Tropentag, September 20 - 22, 2017 in Bonn
"Future Agriculture: Social-ecological transitions and bio-cultural shifts"
Urban Agriculture in Mozambique and South Africa. First Evidence from a Complex Research Project
Erik Engel1, Heide Hoffmann2, Karin Fiege3, Doreen Sparborth1, Maximilian Baumann4, Nicole Paganini2, Anja Schelchen3, Samuel Quive5, Abdulrazak Karriem6, Daniel Tevera7, Chris D'Aiuto8, Suren Sewchuran8, Ivo Cumbana5, Luisa Mutisse Chicamisse5, Antonio Paulo9, Erik Dolch3, Matthias Schmidt3, Kristina Backhaus2, Filomena dos Anjos10
1Frankenfoerder Forschungsgesellschaft, Germany
2Humboldt-Universität zu Berlin, Albrecht Daniel Thaer Institute of Agricultural and Horticultural Sciences, Germany
3Humboldt-Universität zu Berlin, Centre for Rural Development, Germany
4Freie Universität Berlin, FAO Reference Centre for Veterinary Public Health, Department of Veterinary Medicine, Germany
5Universidade Eduardo Mondlane, Fac. of Arts and Social Sciences, Mozambique
6University of the Western Cape, Inst. for Social Development, South Africa
7University of the Western Cape, Dept. of Geography, Environmental Studies & Tourism, South Africa
8Abalimi Bezhekaya, South Africa
9Technical Secretariat for Food Security and Nutrition, Mozambique
10Universidade Eduardo Mondlane, Fac. of Veterinarian Science, Mozambique
Sub-Saharan Africa is the most rapidly urbanized region in the world, especially in informal areas. In the course of accelerated urbanisation processes in the global south and the increasing need for sustainable urban planning, urban agriculture has come into focus of scientific research. It has been a popular response to growth dynamics and food crisis in many countries over many centuries.
The research project UFiSAMo is implemented with BMEL funding from 2016 – 2019 by universities in Berlin, Maputo and Cape Town as well as by a private research institution, an NGO and a government organisation. It investigates whether and how urban agriculture can contribute to improving urban food and nutrition security as well as income, especially for disadvantaged communities.
We approach urban agriculture by analysing:
· value chains of urban agricultural and consumption habits of urbanites;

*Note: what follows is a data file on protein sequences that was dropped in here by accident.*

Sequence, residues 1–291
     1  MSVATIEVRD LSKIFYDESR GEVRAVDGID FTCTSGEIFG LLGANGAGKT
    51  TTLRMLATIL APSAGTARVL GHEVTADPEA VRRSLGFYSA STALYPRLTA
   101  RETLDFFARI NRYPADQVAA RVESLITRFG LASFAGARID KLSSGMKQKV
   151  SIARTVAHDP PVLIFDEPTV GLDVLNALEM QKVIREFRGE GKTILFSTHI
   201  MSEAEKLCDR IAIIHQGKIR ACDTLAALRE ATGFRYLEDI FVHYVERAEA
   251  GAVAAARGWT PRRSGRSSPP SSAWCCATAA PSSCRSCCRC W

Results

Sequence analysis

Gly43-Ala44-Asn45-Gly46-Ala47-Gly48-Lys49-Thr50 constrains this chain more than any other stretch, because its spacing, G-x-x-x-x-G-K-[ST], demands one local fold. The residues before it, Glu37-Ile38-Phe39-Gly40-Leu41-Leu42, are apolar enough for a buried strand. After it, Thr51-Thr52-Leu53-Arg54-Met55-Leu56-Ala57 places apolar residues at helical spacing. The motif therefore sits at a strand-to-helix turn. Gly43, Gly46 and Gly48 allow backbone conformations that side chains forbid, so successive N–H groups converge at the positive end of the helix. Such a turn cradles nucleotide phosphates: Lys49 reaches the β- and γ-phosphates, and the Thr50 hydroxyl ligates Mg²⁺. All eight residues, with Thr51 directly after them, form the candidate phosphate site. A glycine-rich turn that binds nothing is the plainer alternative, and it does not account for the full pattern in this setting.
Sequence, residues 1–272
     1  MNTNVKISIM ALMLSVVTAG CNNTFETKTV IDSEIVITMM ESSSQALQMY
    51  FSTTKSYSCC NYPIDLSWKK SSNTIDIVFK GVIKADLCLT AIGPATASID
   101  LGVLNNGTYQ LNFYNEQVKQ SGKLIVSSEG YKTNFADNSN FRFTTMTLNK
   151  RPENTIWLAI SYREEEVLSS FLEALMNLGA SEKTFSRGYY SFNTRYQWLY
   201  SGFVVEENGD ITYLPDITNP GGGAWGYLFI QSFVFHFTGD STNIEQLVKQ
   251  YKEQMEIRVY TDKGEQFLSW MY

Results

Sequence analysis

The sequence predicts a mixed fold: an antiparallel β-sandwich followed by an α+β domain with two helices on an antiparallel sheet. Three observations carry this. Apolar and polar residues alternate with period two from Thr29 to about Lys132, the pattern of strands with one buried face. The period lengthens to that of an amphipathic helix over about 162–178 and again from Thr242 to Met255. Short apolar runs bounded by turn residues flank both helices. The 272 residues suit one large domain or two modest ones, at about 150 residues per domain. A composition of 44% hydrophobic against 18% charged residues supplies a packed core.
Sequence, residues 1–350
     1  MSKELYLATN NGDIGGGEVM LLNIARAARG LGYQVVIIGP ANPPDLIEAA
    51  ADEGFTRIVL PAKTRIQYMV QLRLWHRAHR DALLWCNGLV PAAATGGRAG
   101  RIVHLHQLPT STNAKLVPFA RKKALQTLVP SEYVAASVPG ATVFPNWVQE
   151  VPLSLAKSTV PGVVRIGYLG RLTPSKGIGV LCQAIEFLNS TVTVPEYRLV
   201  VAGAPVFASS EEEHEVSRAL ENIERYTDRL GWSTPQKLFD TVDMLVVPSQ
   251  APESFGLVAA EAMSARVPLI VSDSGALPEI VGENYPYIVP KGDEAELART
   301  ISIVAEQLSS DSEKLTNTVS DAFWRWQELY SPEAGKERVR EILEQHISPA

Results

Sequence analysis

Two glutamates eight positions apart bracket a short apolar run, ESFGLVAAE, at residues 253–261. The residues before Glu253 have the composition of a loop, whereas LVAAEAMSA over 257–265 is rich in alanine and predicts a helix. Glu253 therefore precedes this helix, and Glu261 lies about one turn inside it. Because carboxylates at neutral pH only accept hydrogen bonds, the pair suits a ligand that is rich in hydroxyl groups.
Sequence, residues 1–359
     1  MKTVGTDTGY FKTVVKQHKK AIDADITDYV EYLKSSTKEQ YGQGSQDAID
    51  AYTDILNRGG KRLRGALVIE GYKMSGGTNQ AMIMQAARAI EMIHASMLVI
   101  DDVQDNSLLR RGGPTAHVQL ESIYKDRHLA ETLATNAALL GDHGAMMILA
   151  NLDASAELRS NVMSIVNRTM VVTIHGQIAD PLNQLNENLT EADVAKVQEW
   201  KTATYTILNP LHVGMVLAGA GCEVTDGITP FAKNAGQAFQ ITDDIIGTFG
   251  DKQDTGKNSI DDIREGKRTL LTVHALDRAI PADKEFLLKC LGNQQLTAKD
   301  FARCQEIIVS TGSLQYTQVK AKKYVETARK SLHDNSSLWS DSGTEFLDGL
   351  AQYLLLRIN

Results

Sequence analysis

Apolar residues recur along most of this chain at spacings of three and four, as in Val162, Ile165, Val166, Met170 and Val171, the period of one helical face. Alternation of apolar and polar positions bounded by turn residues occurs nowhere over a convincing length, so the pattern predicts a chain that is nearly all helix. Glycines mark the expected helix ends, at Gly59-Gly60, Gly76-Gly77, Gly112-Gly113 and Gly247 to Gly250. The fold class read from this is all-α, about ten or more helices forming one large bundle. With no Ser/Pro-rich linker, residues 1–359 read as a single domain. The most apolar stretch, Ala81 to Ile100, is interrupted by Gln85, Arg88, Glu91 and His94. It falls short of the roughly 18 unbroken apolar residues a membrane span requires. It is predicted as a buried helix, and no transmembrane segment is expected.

· risks and benefits associated with plant and livestock production and good agricultural practices;
· organisational structures;
· most successful communication channels for information sharing from farmer to policy level.
Action-oriented research ensures that results are directly shared and discussed with farmers and implementing partners. The creation of a research network focusing on urban agriculture and flanked by the development of modules for universities as well as by policy dialogues serve to sustain the results after project funding has ended.
Urban agriculture in Maputo and Cape Town shows distinct characteristics in the ways urban farmers produce, consume and/or market their products. These characteristics entail different benefits and risks for producers and different challenges for researchers.
An overview of the approach as well as of first results and challenges in this complex research project shall be presented:
· value chains for urban agricultural products and challenges in the two cities
· existing challenges and good practices in urban agricultural production in Maputo and Cape Town including product quality
· participatory certification schemes for Cape Town
· existing information dissemination channels and challenges
· challenges in managing such a research project.
At the end, I will indicate more detailed (verbal or poster) presentations of specific components during other Tropentag sessions.
Keywords: Dissemination and information, food and nutrition security, good agricultural practices (GAP), income generation, Mozambique, participatory guarantee system (PGS), South Africa, urban Agriculture, value chains
Contact Address: Erik Engel, Frankenfoerder Forschungsgesellschaft, Berlin, Germany, e-mail: engelfrankenfoerder-fg.de